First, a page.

I didn’t have to hop around on one foot too long. We had all our luggage and we remembered which suitcase had my shoes. After that, I studied what shoes people were wearing – most wore much more secure shoes. And, as another travel tip for India, maybe it’s a good idea to carry an extra pair of shoes with you. You never know!
ON THE ROCKS
Here’s my husband and niece on a Coromandel Coast beach behind the Fisherman’s Cove hotel. It’s on the East Coast Road (ECR) south of Chennai. We stopped there for a buffet lunch on our way down ECR to Mahabalipuram. After this, they got yelled at by security for standing on the rocks. Apparently it is very dangerous. Not because of danger of slipping – because of snakes!
If you go to Chennai, where you stay might reflect what you want out of the experience. My personal preference – even though it can get loud and tiring – is to be in the middle of things in a city. But places like Fisherman’s Cove (a Taj hotel, so it is nice) are also around. If you want a place to stay that’s quiet and beautiful, with a great pool, this might be the place. As you can see, there was no one else on the beach – hard to find places without lots of people here. They even had a musician playing the blues. My husband, a blues fan, loved that!
Here’s a shot of individual villas at Fishermans Cove, right on the beach. It’s a bad photo, but apparently I was also a bad tourist because security yelled at me for taking a photo of the villas. Okay, so … well, you would have lots of privacy here!
ON HIGHER ROCKS
In Mahabalipuram, we visited all the popular tourist sites from the Pallava dynasty. As you can see here, at one of them we climbed really high up.
I will do a whole post on the ancient Mahabalipuram stone carvings, because carved stone motifs are one of the things influencing me for decorating the India pied-à-terre.
PUPPETS LEFT IN THE SHADOWS
At DakshinaChitra, an arts and cultural institution in Chennai, we saw a puppet show where the artist explained that it’s a dying art. It used to be, in the days before TV, a puppet show would be put on in a village by as many as 15 men, telling stories to keep people entertained, and likely used as a way to pass on culture and values to children. Now it was one man, a few puppets. The show was in Tamil, so our niece translated it for me – a tale of good and evil.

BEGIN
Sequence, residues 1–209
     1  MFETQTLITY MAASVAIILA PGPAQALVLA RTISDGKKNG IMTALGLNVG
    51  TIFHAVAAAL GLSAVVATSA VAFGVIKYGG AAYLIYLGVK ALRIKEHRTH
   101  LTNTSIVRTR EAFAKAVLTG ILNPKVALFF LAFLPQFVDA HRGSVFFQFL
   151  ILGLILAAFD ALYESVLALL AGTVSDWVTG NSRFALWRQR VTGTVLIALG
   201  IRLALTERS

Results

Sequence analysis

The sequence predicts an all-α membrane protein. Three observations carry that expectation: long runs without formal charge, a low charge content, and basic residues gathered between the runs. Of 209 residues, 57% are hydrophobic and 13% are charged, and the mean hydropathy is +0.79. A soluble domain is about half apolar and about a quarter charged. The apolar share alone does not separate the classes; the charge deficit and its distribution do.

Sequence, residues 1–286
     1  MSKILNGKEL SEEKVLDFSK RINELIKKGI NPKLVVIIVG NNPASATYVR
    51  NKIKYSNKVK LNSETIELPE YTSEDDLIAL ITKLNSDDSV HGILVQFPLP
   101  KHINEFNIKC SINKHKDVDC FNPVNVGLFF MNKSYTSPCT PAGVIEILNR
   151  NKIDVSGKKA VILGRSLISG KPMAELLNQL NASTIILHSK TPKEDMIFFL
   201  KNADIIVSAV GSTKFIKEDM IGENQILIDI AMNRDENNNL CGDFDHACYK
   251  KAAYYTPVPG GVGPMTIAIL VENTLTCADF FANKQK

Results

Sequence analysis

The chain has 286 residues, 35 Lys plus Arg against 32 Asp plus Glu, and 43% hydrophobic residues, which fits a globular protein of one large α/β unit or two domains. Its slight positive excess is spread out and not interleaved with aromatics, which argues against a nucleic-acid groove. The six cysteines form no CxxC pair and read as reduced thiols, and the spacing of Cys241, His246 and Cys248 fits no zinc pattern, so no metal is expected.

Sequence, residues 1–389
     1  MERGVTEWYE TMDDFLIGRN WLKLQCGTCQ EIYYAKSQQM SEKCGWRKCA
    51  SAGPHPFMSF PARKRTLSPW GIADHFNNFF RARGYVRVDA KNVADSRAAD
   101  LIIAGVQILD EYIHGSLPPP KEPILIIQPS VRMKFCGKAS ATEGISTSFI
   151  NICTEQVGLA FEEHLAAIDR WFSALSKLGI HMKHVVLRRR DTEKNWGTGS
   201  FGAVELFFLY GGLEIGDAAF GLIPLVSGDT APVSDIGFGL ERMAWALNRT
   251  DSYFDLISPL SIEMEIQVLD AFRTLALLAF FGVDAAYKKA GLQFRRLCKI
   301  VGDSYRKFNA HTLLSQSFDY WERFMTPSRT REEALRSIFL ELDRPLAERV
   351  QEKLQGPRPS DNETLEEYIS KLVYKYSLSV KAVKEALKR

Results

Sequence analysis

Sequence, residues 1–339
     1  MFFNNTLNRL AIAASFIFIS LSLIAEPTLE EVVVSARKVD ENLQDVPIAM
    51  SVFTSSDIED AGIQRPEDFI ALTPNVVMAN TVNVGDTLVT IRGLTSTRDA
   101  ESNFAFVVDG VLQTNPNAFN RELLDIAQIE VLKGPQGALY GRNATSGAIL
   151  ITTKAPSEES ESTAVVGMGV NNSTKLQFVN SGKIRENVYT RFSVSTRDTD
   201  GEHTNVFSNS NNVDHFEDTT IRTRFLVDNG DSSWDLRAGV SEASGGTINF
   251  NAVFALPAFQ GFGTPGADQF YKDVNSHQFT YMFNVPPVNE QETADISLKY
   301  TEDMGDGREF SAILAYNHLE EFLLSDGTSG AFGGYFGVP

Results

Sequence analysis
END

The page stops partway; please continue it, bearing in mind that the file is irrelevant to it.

It doesn’t matter where they are. Everywhere in the world, cats are THE BOSS. Like this guy (or girl) here, surveying the territory. This one used to wind up in my in-laws’ house. Sometimes you’d open a door and walk in a room and there’d be a cat there! How did it get in there?! Its claws would scatter and it would high-tail it out between the window bars. Aha. Now, the windows are covered and no more cats getting surprised in the house.
APPRECIATING THE LITTLE THINGS
Although Sundari Silks in the T Nagar neighborhood of Chennai is filled with yards of gorgeous woven and embroidered silks, this little scene before you even go in – at the entrance door – captures a few of my favorite things from India: carved wood, bright color and bronze:
THE GROUND AND THE SKIES WERE ALIVE WITH FIRE
The choreographed fireworks displays of the United States, I’ve now learned, can’t compare to the chaotic bursts coming from all directions during Diwali in India. You just have to come to India and experience it! It was an exuberant symphony of deafening noise. But in the best way.
Here’s our nephew setting off a firework:
DO YOU EAT THE STREET FOOD
Street food can be the best. An explosion of flavor. And authentic. Sometimes I eat it, sometimes not. Depends on whether it’s open or closed fruit , and if it’s cooked how long and hot it’s been heated. I opted out of this – I’ve been sick in India before and it really does a job on your plans! I used to be more open but after a few experiences, yes, I’m more conservative now when we have a jam-packed schedule. My husband and niece enjoyed this chaat:
It’s sticky and humid but just looking at leaves makes me feel cooler. This is inside the gate to the India pied-à-terre property:
This is a neighbor’s house a few doors down:
720 DAYS LATER
I didn’t expect to see him. My fuzzy street boyfriend. I expected that he died sometime over the past two years. But he is here. He now no longer has any fuzz. His naked scabbed skin makes him look like a Yoda. His once-soft ears are now clawed raw.
He’s a street dog in T Nagar suffering for years from mange. The few times I’ve seen him this trip, he can’t stop scratching. Imagine. 720 days … and more because he was already mangy when I first saw him in 2011 … of constant itch and pain. His eyes are no longer kind and soft. They look tired of this life.
I have few emotional defenses against street dogs even after all these years of seeing them in various places. This boy is not neutered. So he’s been able to make more dogs consigned to this rough life.
I’ve been following the story of Loki, a three-year-old feral dog in arctic Canada who had a target on his life but he was saved and now he’s slowly getting acclimated to a home. Eldad Hagar, who saves street dogs and whose videos of the saves go viral, helped save Loki. I wish this mangy Chennai dog could be my Loki.
LIME IN THE COCONUT COLOR
A fellow road user in Chennai, snapped on way in from the airport:
It was 6 a.m. and the air was still crisp and cool, refreshing. And so is the water in those coconuts! Later in the day we bought coconuts and enjoyed water in them, from the vendor who sells them in our neighborhood in Chennai.